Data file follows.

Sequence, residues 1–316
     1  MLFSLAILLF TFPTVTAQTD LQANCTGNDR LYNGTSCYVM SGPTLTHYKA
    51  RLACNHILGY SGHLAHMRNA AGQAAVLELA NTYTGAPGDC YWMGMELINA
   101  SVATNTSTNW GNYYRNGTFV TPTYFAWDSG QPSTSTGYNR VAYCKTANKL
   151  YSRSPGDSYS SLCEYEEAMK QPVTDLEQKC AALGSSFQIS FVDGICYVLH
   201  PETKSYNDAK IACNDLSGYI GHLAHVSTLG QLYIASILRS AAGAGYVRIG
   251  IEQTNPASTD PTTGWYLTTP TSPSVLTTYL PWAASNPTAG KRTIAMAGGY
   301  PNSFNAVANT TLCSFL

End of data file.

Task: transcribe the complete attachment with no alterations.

Sequence, residues 1–316
     1  MLFSLAILLF TFPTVTAQTD LQANCTGNDR LYNGTSCYVM SGPTLTHYKA
    51  RLACNHILGY SGHLAHMRNA AGQAAVLELA NTYTGAPGDC YWMGMELINA
   101  SVATNTSTNW GNYYRNGTFV TPTYFAWDSG QPSTSTGYNR VAYCKTANKL
   151  YSRSPGDSYS SLCEYEEAMK QPVTDLEQKC AALGSSFQIS FVDGICYVLH
   201  PETKSYNDAK IACNDLSGYI GHLAHVSTLG QLYIASILRS AAGAGYVRIG
   251  IEQTNPASTD PTTGWYLTTP TSPSVLTTYL PWAASNPTAG KRTIAMAGGY
   301  PNSFNAVANT TLCSFL